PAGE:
After a 20-month study, a team of 225 administrative employees at Census Bureau headquarters in Suitland, Md., has defeated private contractors in a public-private job competition, the agency said Monday.
The in-house team won by underbidding its private sector competitors, according to William Russell, chief of the acquisition branch at the Census Bureau. If the decision withstands appeal, the workers, who are at the GS-4 and GS-5 levels, should keep their jobs.
"The employees are feeling relief today because they still have their jobs," said Avis Buchanan, president of American Federation of Government Employees Local 2782, which represents some of the workers. "They wanted to stay here."
The Census Bureau competition is one of several full-size competitive sourcing studies decided in recent days. On Friday, the Social Security Administration announced that a team of 36 information technology employees had won SSA's first job competition held to comply with the Bush administration's competitive sourcing initiative. The IT workers test new software used to automate operations at the agency.
"I have said all along that SSA's employees are among the best not only in the federal government, but as compared to the private sector as well," SSA Commissioner Jo Anne Barnhart said in a statement. The employees' bid was one-third cheaper than proposals received from the private sector, according to Martha McNish, an agency spokeswoman.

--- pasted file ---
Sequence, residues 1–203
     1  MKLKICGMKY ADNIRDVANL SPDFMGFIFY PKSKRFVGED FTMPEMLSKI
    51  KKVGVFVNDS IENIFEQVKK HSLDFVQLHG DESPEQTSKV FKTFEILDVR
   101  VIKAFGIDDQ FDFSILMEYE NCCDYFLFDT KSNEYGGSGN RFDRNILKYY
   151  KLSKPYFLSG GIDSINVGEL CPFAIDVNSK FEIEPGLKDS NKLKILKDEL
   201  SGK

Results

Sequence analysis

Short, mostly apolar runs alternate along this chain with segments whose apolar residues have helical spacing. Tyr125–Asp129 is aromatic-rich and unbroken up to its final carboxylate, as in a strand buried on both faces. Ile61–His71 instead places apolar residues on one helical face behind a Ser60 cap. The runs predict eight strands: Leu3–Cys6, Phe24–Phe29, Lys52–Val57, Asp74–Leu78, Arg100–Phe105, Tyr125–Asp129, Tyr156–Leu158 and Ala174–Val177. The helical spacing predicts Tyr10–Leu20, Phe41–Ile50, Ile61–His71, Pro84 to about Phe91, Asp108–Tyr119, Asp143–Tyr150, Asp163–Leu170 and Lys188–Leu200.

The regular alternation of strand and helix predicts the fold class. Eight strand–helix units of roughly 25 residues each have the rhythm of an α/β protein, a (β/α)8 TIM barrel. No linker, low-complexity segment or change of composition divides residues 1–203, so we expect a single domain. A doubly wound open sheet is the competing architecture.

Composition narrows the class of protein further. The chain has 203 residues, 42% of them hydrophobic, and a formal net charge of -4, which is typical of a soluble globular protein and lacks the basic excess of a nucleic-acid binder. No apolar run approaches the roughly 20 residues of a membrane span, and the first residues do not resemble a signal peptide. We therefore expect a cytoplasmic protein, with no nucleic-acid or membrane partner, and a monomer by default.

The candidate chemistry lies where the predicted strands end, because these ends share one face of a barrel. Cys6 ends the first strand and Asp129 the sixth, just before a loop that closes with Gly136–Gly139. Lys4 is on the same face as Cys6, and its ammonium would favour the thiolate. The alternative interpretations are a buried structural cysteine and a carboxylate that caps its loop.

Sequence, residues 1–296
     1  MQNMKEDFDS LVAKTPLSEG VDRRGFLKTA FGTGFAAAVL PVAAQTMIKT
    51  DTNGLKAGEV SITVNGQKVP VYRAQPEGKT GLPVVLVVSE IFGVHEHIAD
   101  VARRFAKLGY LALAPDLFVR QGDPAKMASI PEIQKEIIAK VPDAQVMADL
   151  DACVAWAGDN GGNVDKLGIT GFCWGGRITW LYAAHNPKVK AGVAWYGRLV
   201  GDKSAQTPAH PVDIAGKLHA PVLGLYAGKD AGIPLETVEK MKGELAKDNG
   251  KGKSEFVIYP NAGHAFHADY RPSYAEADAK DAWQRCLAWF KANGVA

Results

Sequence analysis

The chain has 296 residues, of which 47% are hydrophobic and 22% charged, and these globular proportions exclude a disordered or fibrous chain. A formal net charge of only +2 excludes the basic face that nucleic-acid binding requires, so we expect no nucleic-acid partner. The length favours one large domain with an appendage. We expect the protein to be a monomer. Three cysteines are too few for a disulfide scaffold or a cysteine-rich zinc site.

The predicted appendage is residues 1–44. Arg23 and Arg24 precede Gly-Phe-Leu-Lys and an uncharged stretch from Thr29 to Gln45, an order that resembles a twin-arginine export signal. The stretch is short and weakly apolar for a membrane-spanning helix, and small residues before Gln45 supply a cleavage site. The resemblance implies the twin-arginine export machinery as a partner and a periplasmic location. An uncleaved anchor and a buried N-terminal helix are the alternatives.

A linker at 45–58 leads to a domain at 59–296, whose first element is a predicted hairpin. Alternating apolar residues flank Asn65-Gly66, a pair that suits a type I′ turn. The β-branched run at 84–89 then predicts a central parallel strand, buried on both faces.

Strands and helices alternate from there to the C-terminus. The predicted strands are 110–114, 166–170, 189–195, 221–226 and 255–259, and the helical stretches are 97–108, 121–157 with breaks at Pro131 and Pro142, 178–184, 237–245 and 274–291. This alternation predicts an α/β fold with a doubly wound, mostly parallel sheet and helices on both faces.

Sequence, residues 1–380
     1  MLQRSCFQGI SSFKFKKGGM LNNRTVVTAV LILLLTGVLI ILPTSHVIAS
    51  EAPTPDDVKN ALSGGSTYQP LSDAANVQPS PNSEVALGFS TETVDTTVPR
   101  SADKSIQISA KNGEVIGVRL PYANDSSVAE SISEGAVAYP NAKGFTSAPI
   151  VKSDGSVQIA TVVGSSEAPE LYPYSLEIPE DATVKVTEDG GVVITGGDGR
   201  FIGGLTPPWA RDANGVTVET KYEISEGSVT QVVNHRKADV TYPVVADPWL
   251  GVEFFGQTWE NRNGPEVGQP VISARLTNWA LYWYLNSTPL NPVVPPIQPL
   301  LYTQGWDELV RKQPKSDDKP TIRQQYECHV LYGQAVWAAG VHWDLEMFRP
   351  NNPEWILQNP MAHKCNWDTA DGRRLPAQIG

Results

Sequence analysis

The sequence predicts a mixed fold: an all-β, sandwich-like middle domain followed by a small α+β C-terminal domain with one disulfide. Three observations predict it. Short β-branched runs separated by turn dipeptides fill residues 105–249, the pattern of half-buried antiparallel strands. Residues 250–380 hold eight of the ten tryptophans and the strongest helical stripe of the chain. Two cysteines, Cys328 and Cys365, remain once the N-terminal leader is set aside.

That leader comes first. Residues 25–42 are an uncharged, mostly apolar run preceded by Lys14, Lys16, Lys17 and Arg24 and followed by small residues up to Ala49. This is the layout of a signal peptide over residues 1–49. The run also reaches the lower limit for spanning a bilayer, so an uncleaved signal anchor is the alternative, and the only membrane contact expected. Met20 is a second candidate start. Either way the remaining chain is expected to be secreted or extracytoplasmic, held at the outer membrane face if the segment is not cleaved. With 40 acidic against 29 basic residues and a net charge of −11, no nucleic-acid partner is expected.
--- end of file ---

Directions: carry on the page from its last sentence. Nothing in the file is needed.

A contractor triumphed in the first competition at the Treasury Department's Bureau of Engraving and Printing. STG Industries Inc., a human resources consulting firm based in Alexandria, Va., won a study involving 17 personnel support workers in Washington and Fort Worth, Texas. The firm's bid was lower by $887,785, said Robert Knauer, A-76 contractor officer at the Bureau of Engraving and Printing, in a June 27 memorandum announcing the decision. "In the true sense of competition, the government wins through achieving savings," he said.
At the Department of Veterans Affairs, a competition involving 125 property management jobs is still under appeal, although VA officials plan to issue a final ruling later this summer, according to spokesman Terry Jemison. Ocwen Federal Bank, a West Palm Beach, Fla.-based financial services firm, prevailed in the competition, which was decided Feb. 14. The American Federation of Government Employees appealed on behalf of the workers, but its appeal was denied, said Wiley Pearson, a policy analyst with the union.
Rep. Lane Evans, D-Ill., also was critical of the VA's decision in the competition, warning that Ocwen could perform the work overseas, perhaps in India, using low-paid foreign workers. But Ocwen will keep the work in the U.S., wrote bank president Ronald Faris in a March 6 letter to Evans.
"As expressly stated in Ocwen's proposal to the VA, Ocwen intends to perform the services required by the VA from its headquarters in West Palm Beach, Fla. and from its National Servicing Center in Orlando, Fla." said Faris.
These agencies have additional competitions under way. The SSA is competing its IT help desk function, which involves 68 federal jobs and 47 contractor positions, and its facilities management function, currently performed by 94 civil servants. At the Bureau of Engraving and Printing, 33 machine shop workers are competing for their jobs in a full A-76 competition.